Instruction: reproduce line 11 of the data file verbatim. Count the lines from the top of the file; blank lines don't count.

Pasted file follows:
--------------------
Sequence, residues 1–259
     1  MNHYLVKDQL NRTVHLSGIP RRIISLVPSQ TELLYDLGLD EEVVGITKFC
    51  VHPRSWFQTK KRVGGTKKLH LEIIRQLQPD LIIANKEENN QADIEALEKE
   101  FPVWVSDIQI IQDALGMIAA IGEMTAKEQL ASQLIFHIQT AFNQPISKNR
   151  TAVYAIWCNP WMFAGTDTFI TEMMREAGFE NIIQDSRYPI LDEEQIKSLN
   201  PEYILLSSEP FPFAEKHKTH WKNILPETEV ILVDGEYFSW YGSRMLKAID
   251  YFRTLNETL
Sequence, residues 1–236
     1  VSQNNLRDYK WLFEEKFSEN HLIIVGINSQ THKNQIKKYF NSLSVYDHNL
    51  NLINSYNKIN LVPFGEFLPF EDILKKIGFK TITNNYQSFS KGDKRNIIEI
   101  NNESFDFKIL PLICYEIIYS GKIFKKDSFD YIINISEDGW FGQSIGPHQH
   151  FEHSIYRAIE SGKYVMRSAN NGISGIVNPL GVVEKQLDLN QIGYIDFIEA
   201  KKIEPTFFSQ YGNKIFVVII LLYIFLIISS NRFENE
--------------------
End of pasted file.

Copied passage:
   101  NNESFDFKIL PLICYEIIYS GKIFKKDSFD YIINISEDGW FGQSIGPHQH